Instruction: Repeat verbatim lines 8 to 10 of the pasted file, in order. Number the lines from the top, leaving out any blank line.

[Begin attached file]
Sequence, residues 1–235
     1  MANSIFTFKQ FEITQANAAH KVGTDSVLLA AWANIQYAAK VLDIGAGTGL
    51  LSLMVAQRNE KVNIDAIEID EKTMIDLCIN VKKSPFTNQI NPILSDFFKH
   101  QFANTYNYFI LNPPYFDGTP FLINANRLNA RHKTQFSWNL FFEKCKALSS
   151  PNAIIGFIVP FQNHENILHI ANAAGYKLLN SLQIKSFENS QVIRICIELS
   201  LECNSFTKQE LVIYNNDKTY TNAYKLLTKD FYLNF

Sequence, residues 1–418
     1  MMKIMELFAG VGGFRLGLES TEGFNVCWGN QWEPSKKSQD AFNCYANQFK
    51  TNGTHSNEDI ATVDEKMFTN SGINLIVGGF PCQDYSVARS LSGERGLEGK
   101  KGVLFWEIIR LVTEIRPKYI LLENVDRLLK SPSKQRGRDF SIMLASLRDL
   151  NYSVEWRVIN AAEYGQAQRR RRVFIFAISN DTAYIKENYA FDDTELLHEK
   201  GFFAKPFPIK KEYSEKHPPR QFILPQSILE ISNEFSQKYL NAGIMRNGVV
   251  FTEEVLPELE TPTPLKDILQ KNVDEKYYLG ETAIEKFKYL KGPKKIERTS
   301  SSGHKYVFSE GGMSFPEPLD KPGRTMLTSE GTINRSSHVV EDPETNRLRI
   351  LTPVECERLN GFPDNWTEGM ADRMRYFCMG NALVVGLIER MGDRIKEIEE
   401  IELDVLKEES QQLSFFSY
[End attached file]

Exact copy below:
     1  MMKIMELFAG VGGFRLGLES TEGFNVCWGN QWEPSKKSQD AFNCYANQFK
    51  TNGTHSNEDI ATVDEKMFTN SGINLIVGGF PCQDYSVARS LSGERGLEGK
   101  KGVLFWEIIR LVTEIRPKYI LLENVDRLLK SPSKQRGRDF SIMLASLRDL